How many immigrants did Obama deport? Here's how his administration handled immigration.


On Tuesday, President Donald Trump's administration released a series of draconian new policies designed to crack down on undocumented immigrants living in the United States. Two memos from the Department of Homeland Security suggest that there could be an increase in mass deportations, with undocumented individuals who may have committed crimes being chief targets. The memos also outlined plans to build more detention centers for undocumented people who are going through deportation proceedings.

Despite the confusion and backlash caused by Trump's original executive order on immigration, he remains undeterred in keeping his campaign promise to reduce the number of undocumented immigrants living in the U.S. — something for which he repeatedly attacked former President Barack Obama.

Trump argues that he "inherited a mess" from the past administration, even though Trump was not specific:

So how did Obama handle immigration while he was president?

Obama's views on immigration

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At the onset of his administration, Obama took a drastic approach on immigrants. According to a 2016 report by NPR, deportations increased during Obama's first four years — 2012 being the fiscal year that saw the most deportations during that time, with a over 400,000 immigrants sent back to their countries of origin.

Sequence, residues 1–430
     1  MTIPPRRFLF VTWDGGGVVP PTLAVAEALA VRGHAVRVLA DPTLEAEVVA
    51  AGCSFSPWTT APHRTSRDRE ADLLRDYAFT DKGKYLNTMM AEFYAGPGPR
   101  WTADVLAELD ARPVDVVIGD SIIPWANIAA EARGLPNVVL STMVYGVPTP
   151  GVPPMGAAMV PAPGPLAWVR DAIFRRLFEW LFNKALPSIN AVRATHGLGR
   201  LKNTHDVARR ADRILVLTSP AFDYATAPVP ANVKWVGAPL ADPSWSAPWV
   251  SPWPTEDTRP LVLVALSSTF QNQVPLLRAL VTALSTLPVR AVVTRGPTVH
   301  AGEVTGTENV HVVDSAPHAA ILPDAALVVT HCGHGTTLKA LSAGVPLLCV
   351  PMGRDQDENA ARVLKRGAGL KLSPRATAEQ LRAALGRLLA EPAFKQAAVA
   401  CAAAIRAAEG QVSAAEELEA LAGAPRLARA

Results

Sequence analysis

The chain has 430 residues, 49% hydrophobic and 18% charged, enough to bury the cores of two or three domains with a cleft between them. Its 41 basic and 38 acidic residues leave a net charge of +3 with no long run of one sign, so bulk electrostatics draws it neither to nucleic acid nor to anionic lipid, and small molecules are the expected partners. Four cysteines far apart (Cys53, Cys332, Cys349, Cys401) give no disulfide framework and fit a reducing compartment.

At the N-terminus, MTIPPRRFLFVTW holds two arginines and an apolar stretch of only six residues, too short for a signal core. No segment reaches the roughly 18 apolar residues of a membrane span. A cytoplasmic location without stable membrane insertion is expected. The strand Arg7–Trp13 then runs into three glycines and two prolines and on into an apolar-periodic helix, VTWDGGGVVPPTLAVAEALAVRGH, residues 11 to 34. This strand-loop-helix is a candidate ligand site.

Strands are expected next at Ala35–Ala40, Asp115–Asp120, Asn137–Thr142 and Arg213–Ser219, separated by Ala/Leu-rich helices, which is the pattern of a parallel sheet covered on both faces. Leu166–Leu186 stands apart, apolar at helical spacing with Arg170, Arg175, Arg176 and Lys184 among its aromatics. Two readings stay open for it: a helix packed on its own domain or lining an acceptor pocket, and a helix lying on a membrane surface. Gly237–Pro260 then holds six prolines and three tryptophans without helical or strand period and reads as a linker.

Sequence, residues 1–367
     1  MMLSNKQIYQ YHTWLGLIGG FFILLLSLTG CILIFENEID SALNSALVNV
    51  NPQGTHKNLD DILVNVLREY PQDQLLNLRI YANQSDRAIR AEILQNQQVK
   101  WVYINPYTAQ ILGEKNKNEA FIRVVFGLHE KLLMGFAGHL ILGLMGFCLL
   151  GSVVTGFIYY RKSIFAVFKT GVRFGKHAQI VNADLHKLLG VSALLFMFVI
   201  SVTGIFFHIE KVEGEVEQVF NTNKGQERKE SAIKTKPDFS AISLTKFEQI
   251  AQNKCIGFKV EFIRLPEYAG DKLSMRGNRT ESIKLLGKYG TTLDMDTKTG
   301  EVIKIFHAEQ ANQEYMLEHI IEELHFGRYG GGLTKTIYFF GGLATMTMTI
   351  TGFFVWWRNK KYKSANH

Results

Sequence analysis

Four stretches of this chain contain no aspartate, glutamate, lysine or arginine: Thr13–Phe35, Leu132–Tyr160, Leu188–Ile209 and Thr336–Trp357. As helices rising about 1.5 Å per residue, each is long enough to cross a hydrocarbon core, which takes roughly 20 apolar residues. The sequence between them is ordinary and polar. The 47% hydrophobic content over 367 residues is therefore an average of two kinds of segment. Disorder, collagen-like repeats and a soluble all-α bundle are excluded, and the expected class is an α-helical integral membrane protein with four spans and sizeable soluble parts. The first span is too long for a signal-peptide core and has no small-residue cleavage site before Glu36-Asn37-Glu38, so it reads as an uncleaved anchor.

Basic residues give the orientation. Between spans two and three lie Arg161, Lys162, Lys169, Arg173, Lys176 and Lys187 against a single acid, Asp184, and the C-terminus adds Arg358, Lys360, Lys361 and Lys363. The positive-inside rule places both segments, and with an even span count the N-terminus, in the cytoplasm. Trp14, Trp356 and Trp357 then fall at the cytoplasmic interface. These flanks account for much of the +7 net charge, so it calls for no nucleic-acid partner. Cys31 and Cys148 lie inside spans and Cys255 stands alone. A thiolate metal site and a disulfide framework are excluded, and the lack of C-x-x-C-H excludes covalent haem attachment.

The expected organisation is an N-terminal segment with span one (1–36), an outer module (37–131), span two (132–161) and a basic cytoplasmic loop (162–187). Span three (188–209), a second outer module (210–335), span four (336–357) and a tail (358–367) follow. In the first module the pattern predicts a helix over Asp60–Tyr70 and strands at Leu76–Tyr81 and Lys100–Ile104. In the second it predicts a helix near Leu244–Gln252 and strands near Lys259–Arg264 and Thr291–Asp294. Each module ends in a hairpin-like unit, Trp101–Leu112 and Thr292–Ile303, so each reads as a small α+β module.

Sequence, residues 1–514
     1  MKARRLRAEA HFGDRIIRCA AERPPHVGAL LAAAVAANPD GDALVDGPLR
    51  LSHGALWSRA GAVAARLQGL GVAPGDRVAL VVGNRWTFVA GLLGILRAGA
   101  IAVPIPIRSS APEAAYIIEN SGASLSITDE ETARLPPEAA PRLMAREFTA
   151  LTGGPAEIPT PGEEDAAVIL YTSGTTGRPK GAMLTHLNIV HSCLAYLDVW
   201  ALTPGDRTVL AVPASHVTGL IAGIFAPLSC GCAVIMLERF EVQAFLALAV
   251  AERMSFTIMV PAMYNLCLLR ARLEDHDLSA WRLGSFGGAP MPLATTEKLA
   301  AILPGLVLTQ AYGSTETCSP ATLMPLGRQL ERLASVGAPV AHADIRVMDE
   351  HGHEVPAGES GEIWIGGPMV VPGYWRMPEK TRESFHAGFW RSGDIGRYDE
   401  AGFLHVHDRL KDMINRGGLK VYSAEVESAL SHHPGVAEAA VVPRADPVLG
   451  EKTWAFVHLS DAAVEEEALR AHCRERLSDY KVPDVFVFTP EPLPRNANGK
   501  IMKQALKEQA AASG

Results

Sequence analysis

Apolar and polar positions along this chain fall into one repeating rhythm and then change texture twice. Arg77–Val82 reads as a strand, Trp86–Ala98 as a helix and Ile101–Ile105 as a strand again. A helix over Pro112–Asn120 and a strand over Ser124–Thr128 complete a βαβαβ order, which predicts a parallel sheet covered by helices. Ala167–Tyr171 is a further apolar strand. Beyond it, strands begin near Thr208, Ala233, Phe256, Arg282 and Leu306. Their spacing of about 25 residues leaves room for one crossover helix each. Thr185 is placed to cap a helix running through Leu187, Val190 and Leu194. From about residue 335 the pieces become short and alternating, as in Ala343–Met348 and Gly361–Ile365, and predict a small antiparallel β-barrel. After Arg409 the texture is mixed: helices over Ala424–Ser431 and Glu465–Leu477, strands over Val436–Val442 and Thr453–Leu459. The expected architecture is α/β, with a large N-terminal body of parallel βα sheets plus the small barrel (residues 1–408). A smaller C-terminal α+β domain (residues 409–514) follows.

During his second term, Obama's administration ordered fewer deportations. In fiscal year 2015, the number dropped to 235,413, and arrests along the U.S./Mexico border also fell.  

Still, Obama deported more than 2.5 million people between 2009 and 2015. Conversely, George W. Bush deported just more than 2 million during his entire eight years in office, ABC News reported.

Obama's take on deportation measures earned the scorn of prominent Latino organizations such as the National Council of La Raza, whose president, Janet Murguía, called Obama "deporter-in-chief" in 2014, according to Politico

Although Obama enacted the Deferred Action for Childhood Arrivals Program, which paved the way for thousands of young undocumented people who were brought to the U.S. at a younger age, many believe he left a somewhat mixed legacy on immigration.

"Even though we had millions of deportations, I recognize that my life has been radically different under an Obama administration, more than I had ever imagined," Greisa Martinez, advocacy director for immigrant youth organization United We Dream, told NBC News in January.